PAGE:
Tobramycin at subinhibitory concentration inhibits the RhlI/R quorum sensing system in a Pseudomonas aeruginosa environmental isolate
1 Department of Biochemistry and Molecular Biology, Faculty of Pharmacy and Biochemistry, University of Zagreb, Ante Kovačića 1, 10000 Zagreb, Croatia
2 Bacteriology Group, International Centre for Genetic Engineering and Biotechnology, Area Science Park, Padriciano 99, 34149 Trieste, Italy
BMC Infectious Diseases 2010, 10:148 doi:10.1186/1471-2334-10-148Published: 2 June 2010
Antibiotics are not only small molecules with therapeutic activity in killing or inhibiting microbial growth, but can also act as signaling molecules affecting gene expression in bacterial communities. A few studies have demonstrated the effect of tobramycin as a signal molecule on gene expression at the transcriptional level and its effect on bacterial physiology and virulence. These have shown that subinhibitory concentrations (SICs) of tobramycin induce biofilm formation and enhance the capabilities of P. aeruginosa to colonize specific environments.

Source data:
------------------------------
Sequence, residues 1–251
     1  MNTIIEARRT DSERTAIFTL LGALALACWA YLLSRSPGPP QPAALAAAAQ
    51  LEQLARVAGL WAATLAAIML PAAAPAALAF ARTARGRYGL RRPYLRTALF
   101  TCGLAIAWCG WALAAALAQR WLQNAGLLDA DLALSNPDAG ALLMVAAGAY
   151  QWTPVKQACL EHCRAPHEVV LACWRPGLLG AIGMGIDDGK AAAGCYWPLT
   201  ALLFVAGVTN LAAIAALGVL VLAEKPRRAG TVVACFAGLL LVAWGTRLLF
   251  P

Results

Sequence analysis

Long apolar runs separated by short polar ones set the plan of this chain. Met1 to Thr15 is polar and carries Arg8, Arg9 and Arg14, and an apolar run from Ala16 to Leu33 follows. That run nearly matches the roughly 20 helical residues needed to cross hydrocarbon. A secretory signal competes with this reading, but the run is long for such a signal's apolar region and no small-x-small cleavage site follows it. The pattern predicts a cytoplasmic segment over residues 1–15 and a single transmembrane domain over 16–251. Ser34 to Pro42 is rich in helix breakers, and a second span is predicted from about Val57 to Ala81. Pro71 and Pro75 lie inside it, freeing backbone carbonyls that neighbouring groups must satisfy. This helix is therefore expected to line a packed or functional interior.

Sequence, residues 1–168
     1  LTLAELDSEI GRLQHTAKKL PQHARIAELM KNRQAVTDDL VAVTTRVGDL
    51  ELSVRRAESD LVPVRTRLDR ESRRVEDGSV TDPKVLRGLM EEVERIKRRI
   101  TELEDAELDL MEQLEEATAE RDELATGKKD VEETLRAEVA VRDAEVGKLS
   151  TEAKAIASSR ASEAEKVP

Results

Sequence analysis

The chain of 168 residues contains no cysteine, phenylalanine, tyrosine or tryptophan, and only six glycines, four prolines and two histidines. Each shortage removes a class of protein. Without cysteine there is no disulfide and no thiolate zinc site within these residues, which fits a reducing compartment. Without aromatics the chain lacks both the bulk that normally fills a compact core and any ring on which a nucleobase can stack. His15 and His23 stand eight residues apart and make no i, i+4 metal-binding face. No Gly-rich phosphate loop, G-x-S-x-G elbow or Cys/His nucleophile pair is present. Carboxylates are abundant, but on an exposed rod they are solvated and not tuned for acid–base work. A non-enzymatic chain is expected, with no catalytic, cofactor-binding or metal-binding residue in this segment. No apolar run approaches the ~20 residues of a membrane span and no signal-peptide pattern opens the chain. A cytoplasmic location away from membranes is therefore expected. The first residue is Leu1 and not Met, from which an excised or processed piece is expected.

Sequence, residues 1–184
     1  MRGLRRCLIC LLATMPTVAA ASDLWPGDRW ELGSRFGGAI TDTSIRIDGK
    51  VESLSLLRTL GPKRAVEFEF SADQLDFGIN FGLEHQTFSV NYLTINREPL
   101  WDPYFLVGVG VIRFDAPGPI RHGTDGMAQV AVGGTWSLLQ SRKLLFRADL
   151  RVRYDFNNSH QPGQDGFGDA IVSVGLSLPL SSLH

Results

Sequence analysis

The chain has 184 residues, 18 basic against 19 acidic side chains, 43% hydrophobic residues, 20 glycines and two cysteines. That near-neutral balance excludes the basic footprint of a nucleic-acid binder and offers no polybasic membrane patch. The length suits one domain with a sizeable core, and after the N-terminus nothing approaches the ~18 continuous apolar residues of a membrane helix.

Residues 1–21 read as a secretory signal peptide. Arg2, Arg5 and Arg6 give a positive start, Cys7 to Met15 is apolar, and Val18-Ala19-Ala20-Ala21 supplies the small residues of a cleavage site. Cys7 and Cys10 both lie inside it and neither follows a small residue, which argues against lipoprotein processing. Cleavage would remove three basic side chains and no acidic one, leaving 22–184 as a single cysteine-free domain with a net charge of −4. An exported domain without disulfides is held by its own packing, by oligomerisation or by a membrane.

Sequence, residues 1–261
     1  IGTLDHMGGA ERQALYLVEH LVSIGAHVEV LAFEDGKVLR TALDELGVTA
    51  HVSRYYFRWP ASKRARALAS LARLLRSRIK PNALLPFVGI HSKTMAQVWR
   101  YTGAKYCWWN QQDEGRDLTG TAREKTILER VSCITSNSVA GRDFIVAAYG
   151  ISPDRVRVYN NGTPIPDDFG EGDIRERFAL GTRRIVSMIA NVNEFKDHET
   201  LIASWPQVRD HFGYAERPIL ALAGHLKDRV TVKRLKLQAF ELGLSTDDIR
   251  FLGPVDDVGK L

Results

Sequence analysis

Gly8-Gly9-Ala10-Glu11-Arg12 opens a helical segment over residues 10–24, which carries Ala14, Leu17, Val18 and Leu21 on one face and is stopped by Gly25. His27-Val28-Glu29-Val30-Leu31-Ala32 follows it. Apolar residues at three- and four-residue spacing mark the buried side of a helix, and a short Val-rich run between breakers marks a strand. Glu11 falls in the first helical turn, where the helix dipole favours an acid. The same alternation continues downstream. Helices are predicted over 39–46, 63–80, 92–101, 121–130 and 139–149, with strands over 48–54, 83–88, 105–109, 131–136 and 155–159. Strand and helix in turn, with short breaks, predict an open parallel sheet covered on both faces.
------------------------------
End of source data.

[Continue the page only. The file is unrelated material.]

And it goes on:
Environmental P. aeruginosa strain PUPa3 was grown in the presence of different concentrations of tobramycin and it was determined at which highest concentration SIC, growth, total protein levels and translation efficiency were not affected. At SIC it was then established if phenotypes related to cell-cell signaling known as quorum sensing were altered.
In this study it was determined whether tobramycin sensing/response at SICs was affecting the two independent AHL QS systems in an environmental P. aeruginosa strain. It is reasonable to assume that P. aeruginosa encounters tobramycin in nature since it is produced by niche mate Streptomyces tenebrarius. It was established that SICs of tobramycin inhibited the RhlI/R system by reducing levels of C4-HSL production. This effect was not due to a decrease of rhlI transcription and required tobramycin-ribosome interaction.
Tobramycin signaling in P. aeruginosa occurs and different strains can have a different response. Understanding the tobramycin response by an environmental P. aeruginosa will highlight possible inter-species signalling taking place in nature and can possible also have important implications in the mode of utilization for human use of this very important antibiotic.